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Captain
Posts: 25
Registered: ‎09-25-2016

Re: E-Tec 135 Hot Light

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Captain
Posts: 25
Registered: ‎09-25-2016

Re: E-Tec 135 Hot Light

Our dealer changed out the pressure relief valve spring, water intakes, and lowered our motor.  We took out for a test ride and the temp alarm went off again.

 

3900 RPM (roughly)

 

Admiral
Posts: 6,149
Registered: ‎07-14-2011

Re: E-Tec 135 Hot Light

 

 

I'm sorry to hear that the problem is not resolved yet.

 

Has the dealer hooked up a water pressure gauge and monitored the pressures at various rpm and compare to the service literature?

 

Did your dealer do the "clear hose on the EMM" procedure to determine if aerated water was getting into the cooling system?

 

The EMM report showed within a 3 hour period that the engine temp sensors, air temp sensor, throttle sensor, and oil pressure sensor showed alarms.  That is very unusual to happen to unrelated sensors in such a short period of time. The common denominator is the 5 volt sensor power circuitry. It may be a good idea to have the tech monitor the sensor voltage while the motor is operating at all speeds.

***************


"There is never just one thing wrong with a boat";
                                                 -- Travis McGee, main character in a book series by John D. McDonald


***************
The factory recommends that a properly trained technician service your Johnson or Evinrude outboard motor. If you elect to do it yourself, be sure to use caution, common sense, and to observe all safety procedures in the vicinity of gasoline, moving engine parts, high temperature components, heavy items, and electrical or ignition systems.

The information offered here is only general in nature and should not be construed as complete factory approved procedures, techniques, or specifications. Always use the proper service manual for your motor, up-to-date service literature, the correct tools, and have an understanding of how to proceed with troubleshooting and repair methods. If you are unsure or uncomfortable with a procedure, a situation or a technique, enlist the services of a factory trained technician.
Captain
Posts: 25
Registered: ‎09-25-2016

Re: E-Tec 135 Hot Light

Bill,

 

I will forward on. They were talking to BRP again on Friday so hoping they are able to find out what it is.  I believe they did do quite a few of the tests but will check.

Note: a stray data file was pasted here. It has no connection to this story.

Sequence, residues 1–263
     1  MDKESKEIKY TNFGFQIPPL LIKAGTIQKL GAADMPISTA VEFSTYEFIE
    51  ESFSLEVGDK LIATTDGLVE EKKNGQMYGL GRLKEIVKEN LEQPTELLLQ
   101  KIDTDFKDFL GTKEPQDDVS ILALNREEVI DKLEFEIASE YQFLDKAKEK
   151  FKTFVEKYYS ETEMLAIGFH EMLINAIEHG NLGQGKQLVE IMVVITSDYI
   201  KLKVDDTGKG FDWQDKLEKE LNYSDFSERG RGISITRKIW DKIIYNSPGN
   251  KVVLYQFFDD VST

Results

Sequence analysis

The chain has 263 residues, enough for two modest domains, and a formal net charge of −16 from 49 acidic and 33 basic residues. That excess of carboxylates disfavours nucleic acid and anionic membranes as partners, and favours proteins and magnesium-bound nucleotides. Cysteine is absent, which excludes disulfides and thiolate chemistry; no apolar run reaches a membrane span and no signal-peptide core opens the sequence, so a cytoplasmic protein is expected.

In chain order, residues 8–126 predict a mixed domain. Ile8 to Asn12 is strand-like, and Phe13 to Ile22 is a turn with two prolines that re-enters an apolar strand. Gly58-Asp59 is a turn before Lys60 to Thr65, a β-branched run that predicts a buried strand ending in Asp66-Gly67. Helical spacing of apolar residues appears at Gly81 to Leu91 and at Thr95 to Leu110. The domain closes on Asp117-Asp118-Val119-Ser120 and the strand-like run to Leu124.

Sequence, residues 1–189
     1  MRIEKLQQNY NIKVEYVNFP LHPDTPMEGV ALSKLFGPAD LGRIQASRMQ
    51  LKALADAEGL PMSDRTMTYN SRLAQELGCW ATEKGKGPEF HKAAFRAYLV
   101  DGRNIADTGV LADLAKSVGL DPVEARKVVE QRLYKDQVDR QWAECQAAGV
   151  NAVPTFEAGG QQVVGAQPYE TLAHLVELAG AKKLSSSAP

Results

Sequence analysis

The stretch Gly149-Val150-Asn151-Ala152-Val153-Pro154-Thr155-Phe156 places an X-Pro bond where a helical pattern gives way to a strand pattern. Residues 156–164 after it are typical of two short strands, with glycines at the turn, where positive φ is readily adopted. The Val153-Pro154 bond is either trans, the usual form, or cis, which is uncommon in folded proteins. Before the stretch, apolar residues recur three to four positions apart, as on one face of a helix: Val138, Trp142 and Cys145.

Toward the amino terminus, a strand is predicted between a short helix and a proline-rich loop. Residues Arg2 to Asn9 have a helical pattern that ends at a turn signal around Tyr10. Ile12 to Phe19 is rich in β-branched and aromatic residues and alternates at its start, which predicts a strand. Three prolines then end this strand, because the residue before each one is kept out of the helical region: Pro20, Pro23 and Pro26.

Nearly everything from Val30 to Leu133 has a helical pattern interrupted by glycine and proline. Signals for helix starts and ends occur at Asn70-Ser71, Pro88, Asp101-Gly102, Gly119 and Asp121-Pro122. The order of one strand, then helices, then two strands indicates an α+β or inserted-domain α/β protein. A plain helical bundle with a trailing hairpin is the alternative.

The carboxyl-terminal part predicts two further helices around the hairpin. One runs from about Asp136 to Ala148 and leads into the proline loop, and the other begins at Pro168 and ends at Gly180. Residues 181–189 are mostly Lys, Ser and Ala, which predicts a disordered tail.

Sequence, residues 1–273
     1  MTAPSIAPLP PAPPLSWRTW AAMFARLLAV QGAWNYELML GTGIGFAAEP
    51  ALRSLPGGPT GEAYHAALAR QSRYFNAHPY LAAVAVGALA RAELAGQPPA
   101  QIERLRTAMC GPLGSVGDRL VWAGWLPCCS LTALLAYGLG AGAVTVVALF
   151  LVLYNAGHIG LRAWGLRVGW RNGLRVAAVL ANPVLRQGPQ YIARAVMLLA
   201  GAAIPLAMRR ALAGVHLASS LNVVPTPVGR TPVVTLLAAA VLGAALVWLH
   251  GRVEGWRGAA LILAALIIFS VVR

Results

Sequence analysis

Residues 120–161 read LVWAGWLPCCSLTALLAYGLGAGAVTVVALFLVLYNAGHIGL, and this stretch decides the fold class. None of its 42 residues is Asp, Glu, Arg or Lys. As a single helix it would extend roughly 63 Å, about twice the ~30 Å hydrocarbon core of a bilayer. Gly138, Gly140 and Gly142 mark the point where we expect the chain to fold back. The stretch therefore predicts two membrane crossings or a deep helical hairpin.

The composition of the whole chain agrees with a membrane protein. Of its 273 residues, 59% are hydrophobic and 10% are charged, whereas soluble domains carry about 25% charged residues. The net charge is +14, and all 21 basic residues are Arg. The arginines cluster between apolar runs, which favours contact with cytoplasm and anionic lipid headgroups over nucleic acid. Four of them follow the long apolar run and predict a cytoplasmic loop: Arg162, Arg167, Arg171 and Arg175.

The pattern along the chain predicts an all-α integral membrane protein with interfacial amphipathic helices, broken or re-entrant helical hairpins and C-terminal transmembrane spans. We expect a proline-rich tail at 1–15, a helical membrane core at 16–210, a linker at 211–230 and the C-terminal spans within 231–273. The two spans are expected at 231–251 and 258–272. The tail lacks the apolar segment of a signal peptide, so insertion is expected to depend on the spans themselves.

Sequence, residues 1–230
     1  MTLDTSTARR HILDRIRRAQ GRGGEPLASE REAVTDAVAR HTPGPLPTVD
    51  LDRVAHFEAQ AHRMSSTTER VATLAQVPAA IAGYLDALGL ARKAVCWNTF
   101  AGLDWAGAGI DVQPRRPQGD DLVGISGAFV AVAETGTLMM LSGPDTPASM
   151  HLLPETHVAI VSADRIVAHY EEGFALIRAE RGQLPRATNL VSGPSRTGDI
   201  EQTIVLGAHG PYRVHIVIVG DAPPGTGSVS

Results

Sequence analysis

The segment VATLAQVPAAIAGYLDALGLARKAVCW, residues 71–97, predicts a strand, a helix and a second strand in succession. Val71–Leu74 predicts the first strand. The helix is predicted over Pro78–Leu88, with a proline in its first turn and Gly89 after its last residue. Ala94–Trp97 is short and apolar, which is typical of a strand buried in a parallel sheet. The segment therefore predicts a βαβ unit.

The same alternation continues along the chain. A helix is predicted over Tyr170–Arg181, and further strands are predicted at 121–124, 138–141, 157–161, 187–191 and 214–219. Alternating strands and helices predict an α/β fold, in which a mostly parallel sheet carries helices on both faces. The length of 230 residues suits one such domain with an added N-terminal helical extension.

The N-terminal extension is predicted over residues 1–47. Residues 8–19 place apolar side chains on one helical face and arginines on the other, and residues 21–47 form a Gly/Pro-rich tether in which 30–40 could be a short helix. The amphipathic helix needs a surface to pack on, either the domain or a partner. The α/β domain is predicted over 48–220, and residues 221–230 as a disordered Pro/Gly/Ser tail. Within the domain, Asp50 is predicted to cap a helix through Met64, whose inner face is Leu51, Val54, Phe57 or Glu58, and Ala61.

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Captain
Posts: 25
Registered: ‎09-25-2016

Re: E-Tec 135 Hot Light

We have had it out quite a few different times over the course of the fixes and it is still just in that cruising speed 3500-4000 rpm range when it goes off.

Captain
Posts: 67
Registered: ‎10-21-2015

Re: E-Tec 135 Hot Light

If the analog supply was being pulled down enough to be affecting peripheral sensor readings, I would usually expect to fide code 78 as well.  Not shown here.

 

The 2 minute history clearly shows the engine cooling down from a fairly warm condition.  As the overheat is described as happening only in certain RPM range, wouldn't one suspect poor inlet water condition?  Aeration, etc.?

 

I really don't know what to make of the oil pressure sender faults at this point.

Admiral
Posts: 6,149
Registered: ‎07-14-2011

Re: E-Tec 135 Hot Light

If you can get the data from the dealer, post what the water pressures are at idle and every 1000 rpm increment and at WOT. Also ask if a tech temporarily installed a clear hose at the EMM water cooling port and monitored for air bubbles at all rpm ranges, during turns, and at various trim settings.

***************


"There is never just one thing wrong with a boat";
                                                 -- Travis McGee, main character in a book series by John D. McDonald


***************
The factory recommends that a properly trained technician service your Johnson or Evinrude outboard motor. If you elect to do it yourself, be sure to use caution, common sense, and to observe all safety procedures in the vicinity of gasoline, moving engine parts, high temperature components, heavy items, and electrical or ignition systems.

The information offered here is only general in nature and should not be construed as complete factory approved procedures, techniques, or specifications. Always use the proper service manual for your motor, up-to-date service literature, the correct tools, and have an understanding of how to proceed with troubleshooting and repair methods. If you are unsure or uncomfortable with a procedure, a situation or a technique, enlist the services of a factory trained technician.